"All those things that came across your desk that never came across your desk before, the things you have to make decisions on. It's a lot easier to deal with that. This is a seamless year two."
Back down in Indy, the commute for Pagano from his home located northwest of the city to Lucas Oil Stadium in downtown is fairly simple. He takes Interstate 65 to exit 114, gets off on Martin Luther King Jr. Street, which turns into West Street and rolls almost directly to the stadium. Last year he envisioned it was a drive he would make for years to come, the hope and ambition of a first-year head man.
It took on a different meaning when he was sick. Suddenly it was his wife, Tina, doing the driving, Chuck often half asleep in the passenger seat of their SUV. And while they were retracing most of the steps, it wasn't a football game they were headed to. Halfway down West Street, the Paganos would hang a right on Michigan Avenue and proceed to the Simon Cancer Institute for chemo.
There the cure would often feel worse than the cancer.
It was on the morning of his return for the regular-season finale that Pagano realized the significance.
"Everything was the same," he said. "Except I got to the intersection of Michigan and that's when it dawned on me. The wheel was almost turning to the right. And so I'm thinking, 'I'm going straight through that light, straight through that intersection.' I kept on going right to Lucas."
No more right turns, just keep everything pointed straight ahead.
"And that's my commute [again]. I'm going to roll right by that intersection."
This is the inspiration of Pagano and even as much of the attention on the sick coach and resilient team has faded from the headlines, none of it is lost on the players here. The coach has a standard, demands it, and considering the enthusiasm he brings to work after what he's been through, who is to question it?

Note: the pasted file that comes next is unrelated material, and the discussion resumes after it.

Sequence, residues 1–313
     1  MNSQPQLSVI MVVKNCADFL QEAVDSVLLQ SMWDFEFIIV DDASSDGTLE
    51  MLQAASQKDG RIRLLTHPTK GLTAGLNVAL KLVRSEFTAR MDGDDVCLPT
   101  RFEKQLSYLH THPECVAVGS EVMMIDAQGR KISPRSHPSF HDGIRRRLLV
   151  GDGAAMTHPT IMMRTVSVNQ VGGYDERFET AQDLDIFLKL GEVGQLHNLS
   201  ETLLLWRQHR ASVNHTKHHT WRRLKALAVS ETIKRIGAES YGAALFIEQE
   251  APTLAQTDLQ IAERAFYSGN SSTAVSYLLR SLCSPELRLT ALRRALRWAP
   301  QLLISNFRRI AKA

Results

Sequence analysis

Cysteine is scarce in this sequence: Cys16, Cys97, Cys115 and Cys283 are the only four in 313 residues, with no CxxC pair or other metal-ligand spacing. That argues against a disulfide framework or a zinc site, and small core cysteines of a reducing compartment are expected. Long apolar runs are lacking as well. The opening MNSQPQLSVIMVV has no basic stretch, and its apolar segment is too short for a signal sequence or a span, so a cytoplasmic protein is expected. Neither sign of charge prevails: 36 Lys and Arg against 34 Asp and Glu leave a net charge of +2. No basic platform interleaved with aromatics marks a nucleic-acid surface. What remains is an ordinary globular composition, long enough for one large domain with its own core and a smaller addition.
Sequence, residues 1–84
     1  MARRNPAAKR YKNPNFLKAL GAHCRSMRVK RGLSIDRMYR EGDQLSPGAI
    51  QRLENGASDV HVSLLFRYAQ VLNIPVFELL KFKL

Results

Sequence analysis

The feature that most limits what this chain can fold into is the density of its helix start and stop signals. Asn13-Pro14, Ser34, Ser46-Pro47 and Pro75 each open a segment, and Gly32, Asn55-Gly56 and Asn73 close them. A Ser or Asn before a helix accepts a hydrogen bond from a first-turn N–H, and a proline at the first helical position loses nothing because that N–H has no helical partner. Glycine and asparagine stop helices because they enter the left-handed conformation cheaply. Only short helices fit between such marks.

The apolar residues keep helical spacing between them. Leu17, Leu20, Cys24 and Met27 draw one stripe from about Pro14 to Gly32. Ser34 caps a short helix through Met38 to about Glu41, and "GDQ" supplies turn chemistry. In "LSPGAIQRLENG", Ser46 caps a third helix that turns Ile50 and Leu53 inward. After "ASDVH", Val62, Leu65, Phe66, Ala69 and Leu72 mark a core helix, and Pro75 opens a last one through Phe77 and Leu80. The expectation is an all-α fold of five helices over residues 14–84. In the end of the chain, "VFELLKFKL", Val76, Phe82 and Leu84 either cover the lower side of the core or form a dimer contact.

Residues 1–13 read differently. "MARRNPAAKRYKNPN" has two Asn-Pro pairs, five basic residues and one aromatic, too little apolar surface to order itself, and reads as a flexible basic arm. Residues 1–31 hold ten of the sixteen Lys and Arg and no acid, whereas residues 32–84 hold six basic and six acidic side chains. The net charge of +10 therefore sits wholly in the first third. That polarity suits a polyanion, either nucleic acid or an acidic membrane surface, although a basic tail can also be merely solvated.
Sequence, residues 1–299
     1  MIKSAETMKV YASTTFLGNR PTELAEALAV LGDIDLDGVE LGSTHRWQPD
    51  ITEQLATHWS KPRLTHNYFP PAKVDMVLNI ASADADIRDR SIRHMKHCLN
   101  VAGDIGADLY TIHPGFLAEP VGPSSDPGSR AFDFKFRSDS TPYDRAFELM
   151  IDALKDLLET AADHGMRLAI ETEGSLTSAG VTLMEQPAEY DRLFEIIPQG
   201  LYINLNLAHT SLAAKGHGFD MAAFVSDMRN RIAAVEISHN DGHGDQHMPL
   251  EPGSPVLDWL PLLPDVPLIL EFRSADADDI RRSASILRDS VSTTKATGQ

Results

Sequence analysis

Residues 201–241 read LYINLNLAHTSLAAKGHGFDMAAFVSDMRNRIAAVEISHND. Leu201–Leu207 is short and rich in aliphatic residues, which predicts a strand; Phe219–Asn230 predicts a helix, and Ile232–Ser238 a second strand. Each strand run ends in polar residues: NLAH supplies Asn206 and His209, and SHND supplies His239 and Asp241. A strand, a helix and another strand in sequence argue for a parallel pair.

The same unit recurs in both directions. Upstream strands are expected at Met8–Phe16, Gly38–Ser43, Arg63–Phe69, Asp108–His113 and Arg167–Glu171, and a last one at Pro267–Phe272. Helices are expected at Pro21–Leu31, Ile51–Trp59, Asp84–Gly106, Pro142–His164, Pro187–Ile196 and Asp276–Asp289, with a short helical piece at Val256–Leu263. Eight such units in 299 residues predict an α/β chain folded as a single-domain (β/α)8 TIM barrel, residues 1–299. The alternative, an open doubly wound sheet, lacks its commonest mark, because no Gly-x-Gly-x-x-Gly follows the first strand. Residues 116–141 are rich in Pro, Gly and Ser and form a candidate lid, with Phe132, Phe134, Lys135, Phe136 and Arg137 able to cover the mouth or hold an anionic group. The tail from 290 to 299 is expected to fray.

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"Treat every day as if you don't get a tomorrow," Mathis said, repeating the mantra.
"I take no days for granted," Pagano said. "You're not promised anything. I talk to the guys about that all the time. I talked to them about that long before I was ever diagnosed. It is a privilege, not a right, it is a privilege to play in the NFL. And we should never, ever look at it any other way. We're not promised tomorrow, so every day that we get, is a day that we will take advantage of."
He points around at the camp. There's talent all around, momentum from an 11-5 playoff season, a sense of excitement of what's possible.
"We have a golden opportunity here," he said. "I don't know, it's kind of like that [Tim McGraw] song, 'Live Like You Were Dying.' I'm doing that. Except I'm actually not doing crazy stuff."
With that he laughs some more. His family is waiting to get dinner. Fans are funneling off to head home. Across a parking lot, a group of players are loaded three deep on a golf cart, joking as they work the overextended motor.
The sun is still bright and crisp even as it begins a slow descent. A beautiful day is about to become a beautiful night. Here at Colts camp, here at Chuck Pagano's camp, that isn't even relevant.
It's blue skies every day.